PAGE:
When San Joaquin County Supervisor Tom Patti was elected in 2016, he made plans to amend the county’s wine ordinance almost immediately, plans that came to fruition earlier this year.

“I had been paying attention the last couple of years to what the wineries were asking for and what the board was imposing, which I felt was a little heavy-handed. When I first got elected — on election night, actually — I said that I want to work on the wine ordinance and make it more business-friendly,” Patti said.

In August, the San Joaquin County Board of Supervisors approved Patti’s revisions with a 3-2 vote, allowing wineries to increase the amount of attendees at events such as weddings and anniversary parties, as well as extending the hours during which amplified sound may be used from 9 p.m. to 10 p.m. The ordinance also requires wineries to have a parking lot attendant when their main lot reaches its maximum capacity, and clarifies instructions regarding attendance levels.

The original ordinance was adopted in 2000 after residents living near wineries voiced concerns. There was also uncertainty regarding the definition of a winery, according to winemaker David Lucas of Lucas Winery.

“The ordinance came about because the wineries weren’t necessarily being good neighbors, although I think they’ve heard that and have since become good neighbors. The neighbors themselves also understand that they have a voice. The other part of it was ‘What is a winery?’ We wrestled with the definition for a while, and it was being abused for a while. A winery, in the strictest definition, is a place where you grow the grapes, make the wine and sell the wine. If they want to have wedding chapels or other activities, they need to be brought in under a different ordinance,” Lucas said.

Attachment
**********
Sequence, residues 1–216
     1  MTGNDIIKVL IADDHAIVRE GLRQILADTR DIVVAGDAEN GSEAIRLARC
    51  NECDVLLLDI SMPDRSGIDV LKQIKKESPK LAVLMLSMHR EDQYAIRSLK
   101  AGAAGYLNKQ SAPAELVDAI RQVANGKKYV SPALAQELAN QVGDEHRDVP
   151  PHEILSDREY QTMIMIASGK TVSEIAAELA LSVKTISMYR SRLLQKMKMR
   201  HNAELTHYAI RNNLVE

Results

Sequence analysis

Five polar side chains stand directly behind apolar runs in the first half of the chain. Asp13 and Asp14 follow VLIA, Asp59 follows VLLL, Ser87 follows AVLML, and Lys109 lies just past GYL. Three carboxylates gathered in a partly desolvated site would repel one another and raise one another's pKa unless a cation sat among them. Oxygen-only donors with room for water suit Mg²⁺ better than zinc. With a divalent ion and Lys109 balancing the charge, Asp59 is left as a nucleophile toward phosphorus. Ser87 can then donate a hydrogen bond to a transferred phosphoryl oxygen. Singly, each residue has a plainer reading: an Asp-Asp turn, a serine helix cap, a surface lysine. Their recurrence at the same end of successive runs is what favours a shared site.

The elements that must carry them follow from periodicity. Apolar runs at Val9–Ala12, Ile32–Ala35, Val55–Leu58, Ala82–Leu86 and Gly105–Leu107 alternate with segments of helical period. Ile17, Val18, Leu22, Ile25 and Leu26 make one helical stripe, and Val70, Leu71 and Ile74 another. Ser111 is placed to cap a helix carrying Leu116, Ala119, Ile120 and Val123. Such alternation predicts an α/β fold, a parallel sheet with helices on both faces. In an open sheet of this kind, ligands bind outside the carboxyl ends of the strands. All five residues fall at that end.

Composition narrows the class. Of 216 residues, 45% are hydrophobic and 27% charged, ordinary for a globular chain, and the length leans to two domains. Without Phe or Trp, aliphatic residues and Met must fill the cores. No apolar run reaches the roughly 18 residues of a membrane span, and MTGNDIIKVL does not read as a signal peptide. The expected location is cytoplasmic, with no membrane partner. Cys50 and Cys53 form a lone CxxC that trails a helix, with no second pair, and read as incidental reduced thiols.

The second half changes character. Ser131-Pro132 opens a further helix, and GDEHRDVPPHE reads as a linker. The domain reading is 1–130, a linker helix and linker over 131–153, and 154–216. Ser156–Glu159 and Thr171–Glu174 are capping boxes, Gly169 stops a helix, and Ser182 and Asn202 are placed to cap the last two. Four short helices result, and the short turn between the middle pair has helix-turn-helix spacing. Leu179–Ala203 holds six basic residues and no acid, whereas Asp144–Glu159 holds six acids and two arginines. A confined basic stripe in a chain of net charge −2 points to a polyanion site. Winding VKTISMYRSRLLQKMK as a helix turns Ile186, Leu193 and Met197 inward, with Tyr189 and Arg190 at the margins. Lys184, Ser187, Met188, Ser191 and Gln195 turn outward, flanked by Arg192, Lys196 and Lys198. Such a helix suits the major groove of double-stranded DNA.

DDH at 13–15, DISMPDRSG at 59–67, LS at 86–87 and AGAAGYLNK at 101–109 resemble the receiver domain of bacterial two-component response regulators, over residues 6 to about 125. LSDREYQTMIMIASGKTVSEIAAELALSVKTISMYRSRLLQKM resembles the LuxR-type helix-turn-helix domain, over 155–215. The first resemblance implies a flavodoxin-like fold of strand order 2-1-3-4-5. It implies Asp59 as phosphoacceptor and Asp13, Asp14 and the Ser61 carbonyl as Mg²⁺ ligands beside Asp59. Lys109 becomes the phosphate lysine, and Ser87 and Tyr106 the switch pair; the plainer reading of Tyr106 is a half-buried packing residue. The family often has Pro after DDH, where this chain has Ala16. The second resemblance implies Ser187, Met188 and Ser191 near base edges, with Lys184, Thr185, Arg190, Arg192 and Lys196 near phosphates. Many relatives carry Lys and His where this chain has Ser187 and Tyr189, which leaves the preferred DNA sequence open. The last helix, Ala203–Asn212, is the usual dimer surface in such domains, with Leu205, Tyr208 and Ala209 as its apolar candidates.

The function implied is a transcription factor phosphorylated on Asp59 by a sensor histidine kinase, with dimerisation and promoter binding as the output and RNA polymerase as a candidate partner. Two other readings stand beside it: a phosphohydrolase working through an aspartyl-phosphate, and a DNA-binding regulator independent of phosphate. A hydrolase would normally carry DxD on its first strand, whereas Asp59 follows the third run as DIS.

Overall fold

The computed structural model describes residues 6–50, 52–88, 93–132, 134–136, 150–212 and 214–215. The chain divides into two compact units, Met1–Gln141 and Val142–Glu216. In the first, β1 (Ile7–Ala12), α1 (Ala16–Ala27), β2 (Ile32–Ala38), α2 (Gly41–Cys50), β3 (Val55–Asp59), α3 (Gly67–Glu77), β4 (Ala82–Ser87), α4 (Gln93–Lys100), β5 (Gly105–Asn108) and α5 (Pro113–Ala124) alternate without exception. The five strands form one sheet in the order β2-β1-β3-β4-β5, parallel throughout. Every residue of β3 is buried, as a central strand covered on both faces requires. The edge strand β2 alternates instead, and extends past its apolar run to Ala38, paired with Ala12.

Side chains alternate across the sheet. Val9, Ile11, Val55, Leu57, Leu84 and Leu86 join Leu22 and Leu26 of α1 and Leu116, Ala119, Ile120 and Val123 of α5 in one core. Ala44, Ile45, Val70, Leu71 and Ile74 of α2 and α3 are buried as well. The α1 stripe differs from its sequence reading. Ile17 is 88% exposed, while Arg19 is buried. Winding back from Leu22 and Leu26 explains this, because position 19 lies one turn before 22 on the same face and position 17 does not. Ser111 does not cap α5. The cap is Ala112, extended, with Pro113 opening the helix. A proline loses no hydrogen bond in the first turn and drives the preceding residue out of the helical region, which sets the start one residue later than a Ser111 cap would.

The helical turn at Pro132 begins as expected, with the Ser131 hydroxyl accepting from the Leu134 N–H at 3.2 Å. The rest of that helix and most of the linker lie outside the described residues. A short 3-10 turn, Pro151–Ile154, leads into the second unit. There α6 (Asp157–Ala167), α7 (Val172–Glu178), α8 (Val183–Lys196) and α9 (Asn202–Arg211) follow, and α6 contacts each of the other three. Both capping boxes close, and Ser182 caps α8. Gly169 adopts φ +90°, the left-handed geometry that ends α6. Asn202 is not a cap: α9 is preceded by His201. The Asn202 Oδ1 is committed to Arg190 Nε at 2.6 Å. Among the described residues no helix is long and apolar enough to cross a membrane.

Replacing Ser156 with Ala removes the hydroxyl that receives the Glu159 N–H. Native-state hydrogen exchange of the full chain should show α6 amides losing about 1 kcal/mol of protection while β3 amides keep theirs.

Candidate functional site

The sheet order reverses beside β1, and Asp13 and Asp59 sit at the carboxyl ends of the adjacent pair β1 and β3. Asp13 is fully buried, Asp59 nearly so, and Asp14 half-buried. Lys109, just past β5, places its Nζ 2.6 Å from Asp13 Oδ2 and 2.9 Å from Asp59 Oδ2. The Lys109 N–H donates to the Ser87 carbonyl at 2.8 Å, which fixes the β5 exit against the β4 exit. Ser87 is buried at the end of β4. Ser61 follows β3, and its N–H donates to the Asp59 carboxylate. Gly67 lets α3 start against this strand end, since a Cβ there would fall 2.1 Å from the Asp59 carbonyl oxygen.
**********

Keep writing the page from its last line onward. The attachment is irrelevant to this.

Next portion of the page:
These changes were met with support by other Lodi wineries such as Michael David Winery, according to co-owner David Phillips, who is optimistic that they will help encourage more tourism.

“I think it’s a good idea to expand the hours and allow people to enjoy our products. Tourism is really important, and we want to work with the county and make sure that we can provide all the services they need. It will allow more customers and more sales, which means we’ll have to hire more people and create more product. The wine industry is one of the largest employers of San Joaquin County residents. Providing good, high-paying jobs is something we do and we want the county to make it easy for us to provide jobs and tax revenue,” Phillips said.

Improving the wine economy was one of the main motivations behind the revisions, Patti said. A small business owner himself, Patti is familiar with everything that goes into making a business successful, something that he feels gives him a different perspective than his fellow supervisors. It is this perspective, he said, that allowed him to balance wanting the wine industry to thrive with his concerns for the quality of life for the county’s residence. With these latest revisions, Patti believes that wineries will be able to expand and thrive while maintaining good relationships with their neighbors.

“I’m very proud that myself and the board came together to maximize opportunity in Lodi, a booming, resoundingly important and globally recognized wine region,” Patti said.

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